Building trust as a leader is foundational to your leadership. You can have a super solid strategic plan, a clear vision and strong communication skills, but if your team doesn’t trust you, no matter how hard you try, you won’t get the types of results that trusting leaders get.
Trusting leaders get higher productivity, team morale, loyalty, retention, creativity and a bunch of other benefits.
Trust is so foundational to a leader that it impacts a companies results more than any other single thing. When employees trust a leader, they completely buy into that leaders direction. When there is a lack of trust for a leader, employees will question every decision that leader makes and will most likely only perform if there is some kind of value to them in return.
Leaders who are not trustworthy create a culture of selfishness. Trusting leaders create a culture of selflessness.
The following powerful story has strong application to leaders around trust and an inspiring message.
Once there was a businessman who was on a long flight when the first warning that something was wrong came over the PA system. The pilot asked everyone to take their seats and fasten their seat belts.
After a while another announcement came over the PA. The pilot calmly told the passengers that they would not be offering beverage service due to unexpected turbulence on its way.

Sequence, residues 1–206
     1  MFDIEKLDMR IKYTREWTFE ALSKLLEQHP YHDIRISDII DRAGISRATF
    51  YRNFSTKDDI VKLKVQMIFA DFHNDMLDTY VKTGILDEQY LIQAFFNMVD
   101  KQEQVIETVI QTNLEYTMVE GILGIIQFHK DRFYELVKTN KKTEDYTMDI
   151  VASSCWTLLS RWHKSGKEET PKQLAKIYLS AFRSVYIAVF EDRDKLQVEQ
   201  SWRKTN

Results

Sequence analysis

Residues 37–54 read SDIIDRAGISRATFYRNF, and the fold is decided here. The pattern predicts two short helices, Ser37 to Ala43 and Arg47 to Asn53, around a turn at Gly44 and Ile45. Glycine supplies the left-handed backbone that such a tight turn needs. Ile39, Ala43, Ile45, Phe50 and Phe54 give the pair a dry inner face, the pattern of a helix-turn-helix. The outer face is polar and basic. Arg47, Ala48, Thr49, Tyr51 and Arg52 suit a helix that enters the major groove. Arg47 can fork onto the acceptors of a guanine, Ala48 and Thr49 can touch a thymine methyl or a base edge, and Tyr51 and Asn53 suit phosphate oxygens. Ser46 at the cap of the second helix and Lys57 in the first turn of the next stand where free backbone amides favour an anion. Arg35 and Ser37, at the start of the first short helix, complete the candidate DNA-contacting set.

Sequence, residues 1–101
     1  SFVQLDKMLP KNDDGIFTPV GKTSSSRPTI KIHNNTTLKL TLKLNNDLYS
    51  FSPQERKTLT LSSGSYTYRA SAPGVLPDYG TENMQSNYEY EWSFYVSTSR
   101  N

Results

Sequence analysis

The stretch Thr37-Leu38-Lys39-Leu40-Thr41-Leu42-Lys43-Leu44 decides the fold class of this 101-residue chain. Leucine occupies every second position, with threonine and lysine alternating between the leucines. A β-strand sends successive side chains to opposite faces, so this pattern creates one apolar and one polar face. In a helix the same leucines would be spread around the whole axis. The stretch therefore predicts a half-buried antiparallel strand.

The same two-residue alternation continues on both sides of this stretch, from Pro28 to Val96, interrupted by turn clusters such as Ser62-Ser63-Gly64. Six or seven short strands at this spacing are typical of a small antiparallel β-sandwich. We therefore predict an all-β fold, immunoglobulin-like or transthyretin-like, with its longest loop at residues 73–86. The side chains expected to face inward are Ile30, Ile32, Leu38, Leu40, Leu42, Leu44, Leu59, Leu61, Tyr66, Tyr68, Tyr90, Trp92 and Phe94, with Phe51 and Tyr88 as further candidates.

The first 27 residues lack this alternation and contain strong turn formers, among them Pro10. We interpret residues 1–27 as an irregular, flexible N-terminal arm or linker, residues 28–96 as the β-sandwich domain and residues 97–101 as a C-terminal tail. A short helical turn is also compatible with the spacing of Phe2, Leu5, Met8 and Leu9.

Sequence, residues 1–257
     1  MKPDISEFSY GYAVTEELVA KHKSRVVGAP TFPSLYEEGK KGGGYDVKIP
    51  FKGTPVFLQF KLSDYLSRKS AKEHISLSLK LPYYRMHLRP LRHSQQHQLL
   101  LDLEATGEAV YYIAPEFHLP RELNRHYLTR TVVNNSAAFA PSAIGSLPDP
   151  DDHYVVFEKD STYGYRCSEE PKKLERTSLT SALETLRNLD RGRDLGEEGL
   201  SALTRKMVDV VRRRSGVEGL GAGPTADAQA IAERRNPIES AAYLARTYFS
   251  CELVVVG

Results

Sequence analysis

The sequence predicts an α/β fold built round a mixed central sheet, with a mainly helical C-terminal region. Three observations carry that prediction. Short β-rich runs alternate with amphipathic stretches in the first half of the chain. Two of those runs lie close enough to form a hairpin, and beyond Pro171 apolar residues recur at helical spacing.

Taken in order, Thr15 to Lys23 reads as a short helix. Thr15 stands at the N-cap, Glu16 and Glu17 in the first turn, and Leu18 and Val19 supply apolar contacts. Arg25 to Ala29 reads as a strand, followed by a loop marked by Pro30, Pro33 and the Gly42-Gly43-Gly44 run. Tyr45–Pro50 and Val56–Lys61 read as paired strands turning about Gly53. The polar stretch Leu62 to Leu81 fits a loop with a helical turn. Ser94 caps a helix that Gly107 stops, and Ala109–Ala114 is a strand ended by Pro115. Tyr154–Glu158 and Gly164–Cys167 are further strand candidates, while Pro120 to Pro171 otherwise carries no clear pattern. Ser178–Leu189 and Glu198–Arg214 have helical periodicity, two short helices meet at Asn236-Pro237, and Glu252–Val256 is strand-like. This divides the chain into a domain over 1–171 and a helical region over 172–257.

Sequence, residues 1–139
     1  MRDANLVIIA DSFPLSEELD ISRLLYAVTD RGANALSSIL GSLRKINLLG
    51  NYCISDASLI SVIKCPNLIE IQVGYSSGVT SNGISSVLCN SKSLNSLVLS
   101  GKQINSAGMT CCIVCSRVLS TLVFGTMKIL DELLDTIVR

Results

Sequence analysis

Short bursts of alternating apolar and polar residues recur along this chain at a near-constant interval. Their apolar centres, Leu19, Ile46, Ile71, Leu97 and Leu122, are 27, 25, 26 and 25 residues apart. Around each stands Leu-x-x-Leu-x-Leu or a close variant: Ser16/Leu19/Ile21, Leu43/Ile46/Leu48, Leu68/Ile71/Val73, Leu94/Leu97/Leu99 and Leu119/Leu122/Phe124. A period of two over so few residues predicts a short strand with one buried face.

As the businessman looked around the aircraft he noticed some of the passengers becoming a little worried. Later, the pilot announced that in addition to no beverage service, there would be no meal service due to the expected turbulence.
The plane came upon the storm shortly after this last announcement. Thunder could be heard all around the aircraft and lightening could be seen lighting up the dark sky. Within a matter of minutes the plane was being tossed around like a small toy with passengers becoming more and more fearfully alarmed by every big bump. One moment the plane was lifted and the next it was dropped as if it was crashing.
The businessman was also becoming somewhat anxious and as he looked around the plane nearly all the passengers were upset and alarmed. Some were praying. The future seemed ominous and many were wondering if they would make it through the storm.
Then suddenly he saw a little girl out of the corner of his eye. Apparently, the storm meant nothing to her. She had tucked her feet beneath her as she sat on her seat; she was reading a book and everything within her small world was calm and orderly. Sometimes she closed her eyes, then she would read again; then she would straighten her legs, but worry and fear were not in her world. When the plane was being buffeted by the terrible storm, when it lurched this way and that, as it rose and fell with frightening severity, when all the adults were scared half to death, the little girl was completely composed and unafraid. The businessman was completely amazed!
When the plane landed passengers hurried to get their stuff and get off. However, this little girl sat and calmly waited for everyone to exit the plane. The businessman decided to wait as well so he could talk to this little girl.
After having commented about the storm and the behavior of the plane, he asked why she hadn’t been afraid.
The little girl replied, “Sir, my Dad is the pilot, and he is taking me home.”
Does your team trust that you are taking them home? When the clouds begin to form, the turbulence begins to shake things up and the storms worsen, does your team know you will carefully guide them and take them to a good place?
If they trust you, yes. If they don’t, then probably not. What are you doing to build trust with those you lead? What type of pilot/leader are you becoming?
Your team is depending on you.
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